Scientists have confirmed the Zika virus is spread through bites from mosquitos of the aedes (a-deez) species: the same mosquitoes that spread dengue fever.

But just how does the bite of a mosquito, which doesn’t fly very far, create a worldwide epidemic? Daniel Janies, Ph.D., a professor of Bioinformatics and Genomics at the University of North Carolina at Charlotte, has created a computer program that provides an eye opening view of the worldwide spread of the disease.

“Most of what epidemiology looks at is the occurrence of the disease,” explains Janies. “But we wanted to look at the evolution of the disease and the evolution of the bug itself, the pathogen. So we used evolutionary biology techniques and genetics to connect all of the cases and see how the pathogens are moving over space, time and different host organisms.”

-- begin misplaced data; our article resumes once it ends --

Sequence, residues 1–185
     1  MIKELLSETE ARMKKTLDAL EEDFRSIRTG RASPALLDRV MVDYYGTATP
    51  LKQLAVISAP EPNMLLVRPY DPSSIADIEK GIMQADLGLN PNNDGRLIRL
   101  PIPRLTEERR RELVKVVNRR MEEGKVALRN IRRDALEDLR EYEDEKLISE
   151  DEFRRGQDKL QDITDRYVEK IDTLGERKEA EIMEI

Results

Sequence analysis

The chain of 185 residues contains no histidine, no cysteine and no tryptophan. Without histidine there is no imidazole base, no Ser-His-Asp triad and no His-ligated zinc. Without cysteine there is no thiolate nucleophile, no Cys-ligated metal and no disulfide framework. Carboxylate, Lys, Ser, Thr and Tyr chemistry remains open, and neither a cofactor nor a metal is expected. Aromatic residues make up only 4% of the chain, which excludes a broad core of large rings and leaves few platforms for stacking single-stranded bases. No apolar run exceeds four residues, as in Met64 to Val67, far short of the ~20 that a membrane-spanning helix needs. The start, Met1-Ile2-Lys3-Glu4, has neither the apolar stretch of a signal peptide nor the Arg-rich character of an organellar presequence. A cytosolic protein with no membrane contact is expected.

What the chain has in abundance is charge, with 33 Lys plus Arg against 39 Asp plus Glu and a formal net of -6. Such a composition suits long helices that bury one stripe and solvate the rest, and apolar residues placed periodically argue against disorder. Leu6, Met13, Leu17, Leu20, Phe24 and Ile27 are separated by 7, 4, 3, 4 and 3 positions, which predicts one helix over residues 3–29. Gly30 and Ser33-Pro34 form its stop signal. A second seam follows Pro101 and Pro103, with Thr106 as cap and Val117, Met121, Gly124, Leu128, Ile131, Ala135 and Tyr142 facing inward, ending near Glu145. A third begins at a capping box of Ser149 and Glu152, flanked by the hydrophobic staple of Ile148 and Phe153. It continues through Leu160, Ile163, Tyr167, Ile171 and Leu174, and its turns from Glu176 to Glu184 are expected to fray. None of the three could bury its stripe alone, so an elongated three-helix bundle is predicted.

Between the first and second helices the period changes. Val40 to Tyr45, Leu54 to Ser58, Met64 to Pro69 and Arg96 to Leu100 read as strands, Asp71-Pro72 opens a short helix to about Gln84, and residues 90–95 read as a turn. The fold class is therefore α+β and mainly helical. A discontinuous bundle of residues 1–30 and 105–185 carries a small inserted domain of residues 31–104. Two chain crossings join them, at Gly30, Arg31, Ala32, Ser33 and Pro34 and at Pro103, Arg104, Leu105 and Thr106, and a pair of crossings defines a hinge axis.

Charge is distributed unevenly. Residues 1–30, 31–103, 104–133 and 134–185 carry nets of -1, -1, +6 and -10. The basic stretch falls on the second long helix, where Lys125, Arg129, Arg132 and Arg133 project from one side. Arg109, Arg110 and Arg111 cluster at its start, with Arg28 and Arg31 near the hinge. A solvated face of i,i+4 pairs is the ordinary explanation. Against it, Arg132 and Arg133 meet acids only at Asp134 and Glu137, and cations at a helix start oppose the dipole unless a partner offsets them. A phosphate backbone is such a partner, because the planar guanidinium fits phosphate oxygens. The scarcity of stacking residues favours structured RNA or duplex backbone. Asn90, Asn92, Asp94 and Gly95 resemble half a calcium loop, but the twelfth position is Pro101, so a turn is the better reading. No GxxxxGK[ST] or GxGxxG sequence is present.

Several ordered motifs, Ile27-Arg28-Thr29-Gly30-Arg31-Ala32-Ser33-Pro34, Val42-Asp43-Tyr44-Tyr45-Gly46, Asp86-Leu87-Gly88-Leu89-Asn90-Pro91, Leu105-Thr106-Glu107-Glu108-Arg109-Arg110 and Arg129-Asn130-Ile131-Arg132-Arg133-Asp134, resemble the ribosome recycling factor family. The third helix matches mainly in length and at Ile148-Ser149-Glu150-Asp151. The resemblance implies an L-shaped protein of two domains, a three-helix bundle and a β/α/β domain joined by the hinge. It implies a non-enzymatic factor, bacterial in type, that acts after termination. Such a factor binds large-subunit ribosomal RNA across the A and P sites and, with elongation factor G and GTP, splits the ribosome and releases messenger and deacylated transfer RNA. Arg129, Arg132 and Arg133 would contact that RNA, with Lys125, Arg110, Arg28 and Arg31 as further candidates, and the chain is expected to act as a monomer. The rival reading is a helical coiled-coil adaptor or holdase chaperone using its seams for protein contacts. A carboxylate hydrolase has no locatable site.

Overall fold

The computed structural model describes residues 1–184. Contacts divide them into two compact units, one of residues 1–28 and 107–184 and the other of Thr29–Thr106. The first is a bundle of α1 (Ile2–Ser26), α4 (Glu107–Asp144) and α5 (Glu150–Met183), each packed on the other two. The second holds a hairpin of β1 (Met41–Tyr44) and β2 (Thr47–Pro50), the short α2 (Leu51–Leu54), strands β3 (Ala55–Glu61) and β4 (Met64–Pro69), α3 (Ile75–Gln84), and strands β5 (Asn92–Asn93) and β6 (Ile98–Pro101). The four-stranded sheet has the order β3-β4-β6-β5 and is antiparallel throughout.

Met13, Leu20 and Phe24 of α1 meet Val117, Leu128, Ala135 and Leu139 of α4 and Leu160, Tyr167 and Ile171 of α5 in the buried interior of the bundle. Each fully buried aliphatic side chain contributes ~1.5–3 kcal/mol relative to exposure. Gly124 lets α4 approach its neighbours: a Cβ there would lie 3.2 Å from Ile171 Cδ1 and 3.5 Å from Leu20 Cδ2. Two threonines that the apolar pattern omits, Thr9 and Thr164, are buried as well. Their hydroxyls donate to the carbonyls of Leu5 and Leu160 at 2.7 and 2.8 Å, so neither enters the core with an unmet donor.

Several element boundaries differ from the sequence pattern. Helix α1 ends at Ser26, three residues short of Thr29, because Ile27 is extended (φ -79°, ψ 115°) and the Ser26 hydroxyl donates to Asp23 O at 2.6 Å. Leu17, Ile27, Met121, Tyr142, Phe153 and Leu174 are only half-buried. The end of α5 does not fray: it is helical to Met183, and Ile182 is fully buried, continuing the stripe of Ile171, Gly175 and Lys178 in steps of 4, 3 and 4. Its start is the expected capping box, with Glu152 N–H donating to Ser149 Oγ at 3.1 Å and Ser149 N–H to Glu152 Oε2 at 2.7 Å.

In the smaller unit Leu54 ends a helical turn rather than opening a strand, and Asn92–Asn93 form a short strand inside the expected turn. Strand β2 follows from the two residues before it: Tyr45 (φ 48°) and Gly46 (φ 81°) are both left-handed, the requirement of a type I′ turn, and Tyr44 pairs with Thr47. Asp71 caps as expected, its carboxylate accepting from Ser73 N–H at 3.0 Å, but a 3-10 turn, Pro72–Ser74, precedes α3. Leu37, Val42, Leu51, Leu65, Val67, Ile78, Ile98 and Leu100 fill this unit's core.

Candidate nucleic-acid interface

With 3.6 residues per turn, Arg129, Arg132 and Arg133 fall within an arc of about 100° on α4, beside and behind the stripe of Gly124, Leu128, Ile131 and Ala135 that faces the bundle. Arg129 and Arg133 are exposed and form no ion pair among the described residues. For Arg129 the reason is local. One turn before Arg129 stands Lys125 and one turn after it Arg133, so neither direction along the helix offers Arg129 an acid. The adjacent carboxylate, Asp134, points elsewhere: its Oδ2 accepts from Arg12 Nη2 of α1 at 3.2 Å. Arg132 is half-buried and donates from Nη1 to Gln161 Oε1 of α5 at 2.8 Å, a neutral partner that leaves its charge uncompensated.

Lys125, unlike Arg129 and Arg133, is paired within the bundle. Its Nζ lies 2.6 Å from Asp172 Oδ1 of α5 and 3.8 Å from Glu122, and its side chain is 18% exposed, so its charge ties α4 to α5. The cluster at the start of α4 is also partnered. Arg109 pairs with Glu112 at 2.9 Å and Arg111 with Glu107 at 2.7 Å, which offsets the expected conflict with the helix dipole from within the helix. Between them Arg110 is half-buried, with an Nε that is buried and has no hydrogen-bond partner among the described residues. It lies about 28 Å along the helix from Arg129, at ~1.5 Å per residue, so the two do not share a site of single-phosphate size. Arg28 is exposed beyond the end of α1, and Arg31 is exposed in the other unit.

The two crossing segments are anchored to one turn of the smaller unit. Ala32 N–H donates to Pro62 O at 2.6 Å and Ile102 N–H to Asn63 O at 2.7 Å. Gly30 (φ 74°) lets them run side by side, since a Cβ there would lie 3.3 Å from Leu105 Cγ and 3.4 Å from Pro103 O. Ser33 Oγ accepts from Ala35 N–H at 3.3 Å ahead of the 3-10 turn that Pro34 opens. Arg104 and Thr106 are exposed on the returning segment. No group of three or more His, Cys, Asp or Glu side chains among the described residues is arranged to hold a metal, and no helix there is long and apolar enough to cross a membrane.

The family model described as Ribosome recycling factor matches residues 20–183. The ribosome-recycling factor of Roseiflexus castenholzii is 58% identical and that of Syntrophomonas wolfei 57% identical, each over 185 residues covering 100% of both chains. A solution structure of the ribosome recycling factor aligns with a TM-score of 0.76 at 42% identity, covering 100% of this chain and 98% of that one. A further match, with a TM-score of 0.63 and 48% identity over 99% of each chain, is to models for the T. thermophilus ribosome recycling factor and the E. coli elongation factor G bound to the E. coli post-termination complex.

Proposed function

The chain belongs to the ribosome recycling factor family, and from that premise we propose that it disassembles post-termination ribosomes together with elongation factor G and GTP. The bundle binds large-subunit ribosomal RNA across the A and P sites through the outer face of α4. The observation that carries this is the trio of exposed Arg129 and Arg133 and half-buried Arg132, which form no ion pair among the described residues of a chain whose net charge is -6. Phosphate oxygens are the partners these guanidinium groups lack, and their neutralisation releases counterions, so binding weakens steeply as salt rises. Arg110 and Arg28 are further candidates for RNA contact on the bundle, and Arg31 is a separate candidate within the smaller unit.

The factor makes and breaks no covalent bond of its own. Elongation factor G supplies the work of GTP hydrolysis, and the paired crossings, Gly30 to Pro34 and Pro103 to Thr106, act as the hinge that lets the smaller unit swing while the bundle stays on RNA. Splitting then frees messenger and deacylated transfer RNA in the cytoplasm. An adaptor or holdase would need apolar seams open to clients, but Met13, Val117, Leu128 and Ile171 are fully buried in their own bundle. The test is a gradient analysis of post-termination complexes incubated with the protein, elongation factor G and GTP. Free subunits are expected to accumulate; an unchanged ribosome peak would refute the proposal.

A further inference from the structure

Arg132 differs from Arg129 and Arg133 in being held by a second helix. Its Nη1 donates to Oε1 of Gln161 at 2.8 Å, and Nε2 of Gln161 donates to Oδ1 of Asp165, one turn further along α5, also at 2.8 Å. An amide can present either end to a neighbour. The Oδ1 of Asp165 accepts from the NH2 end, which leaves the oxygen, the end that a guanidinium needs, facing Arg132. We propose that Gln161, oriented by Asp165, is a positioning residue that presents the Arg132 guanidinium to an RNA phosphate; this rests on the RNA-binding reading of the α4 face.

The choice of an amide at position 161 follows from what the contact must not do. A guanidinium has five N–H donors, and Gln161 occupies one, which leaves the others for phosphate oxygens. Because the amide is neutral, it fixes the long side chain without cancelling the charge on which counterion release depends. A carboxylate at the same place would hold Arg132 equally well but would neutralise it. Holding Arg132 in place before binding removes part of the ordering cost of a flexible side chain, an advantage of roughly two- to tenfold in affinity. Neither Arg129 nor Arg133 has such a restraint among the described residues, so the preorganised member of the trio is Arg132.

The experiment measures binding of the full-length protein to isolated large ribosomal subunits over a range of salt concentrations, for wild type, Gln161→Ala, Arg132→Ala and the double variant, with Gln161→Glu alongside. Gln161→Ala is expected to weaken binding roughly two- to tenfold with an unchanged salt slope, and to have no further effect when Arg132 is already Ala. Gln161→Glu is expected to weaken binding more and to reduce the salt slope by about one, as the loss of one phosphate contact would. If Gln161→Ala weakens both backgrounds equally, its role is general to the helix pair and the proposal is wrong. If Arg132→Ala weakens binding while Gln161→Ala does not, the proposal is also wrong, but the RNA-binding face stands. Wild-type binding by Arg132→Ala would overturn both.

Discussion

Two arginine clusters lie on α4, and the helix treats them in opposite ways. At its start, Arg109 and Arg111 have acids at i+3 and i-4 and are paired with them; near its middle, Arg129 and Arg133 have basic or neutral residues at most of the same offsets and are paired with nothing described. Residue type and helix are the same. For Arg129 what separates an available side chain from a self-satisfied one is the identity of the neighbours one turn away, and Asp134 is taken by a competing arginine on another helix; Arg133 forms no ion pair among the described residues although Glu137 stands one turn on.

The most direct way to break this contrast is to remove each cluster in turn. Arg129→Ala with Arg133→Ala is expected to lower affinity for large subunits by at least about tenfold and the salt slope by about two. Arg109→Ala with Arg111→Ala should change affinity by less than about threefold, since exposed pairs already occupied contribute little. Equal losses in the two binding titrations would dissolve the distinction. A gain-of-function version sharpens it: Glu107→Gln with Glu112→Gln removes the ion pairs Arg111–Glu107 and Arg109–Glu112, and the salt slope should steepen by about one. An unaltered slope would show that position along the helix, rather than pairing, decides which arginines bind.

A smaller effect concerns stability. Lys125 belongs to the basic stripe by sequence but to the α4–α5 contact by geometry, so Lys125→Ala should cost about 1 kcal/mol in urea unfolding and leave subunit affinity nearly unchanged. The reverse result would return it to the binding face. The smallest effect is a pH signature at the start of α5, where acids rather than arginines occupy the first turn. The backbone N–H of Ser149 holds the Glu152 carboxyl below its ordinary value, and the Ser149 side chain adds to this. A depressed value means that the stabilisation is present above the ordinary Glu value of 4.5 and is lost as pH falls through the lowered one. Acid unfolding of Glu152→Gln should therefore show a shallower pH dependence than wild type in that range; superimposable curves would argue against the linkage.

Zika was first identified in the Zika forest in Uganda in 1947. It’s considered a mild disease in Africa. And Janies‘ model shows the virus staying in Africa for almost 20 years.

“But then things change and it starts to move,” says Janies, as he stands in front of a television screen with a Google Earth image of the world in the center.  There are red dots connected by white lines over the middle of the African continent.

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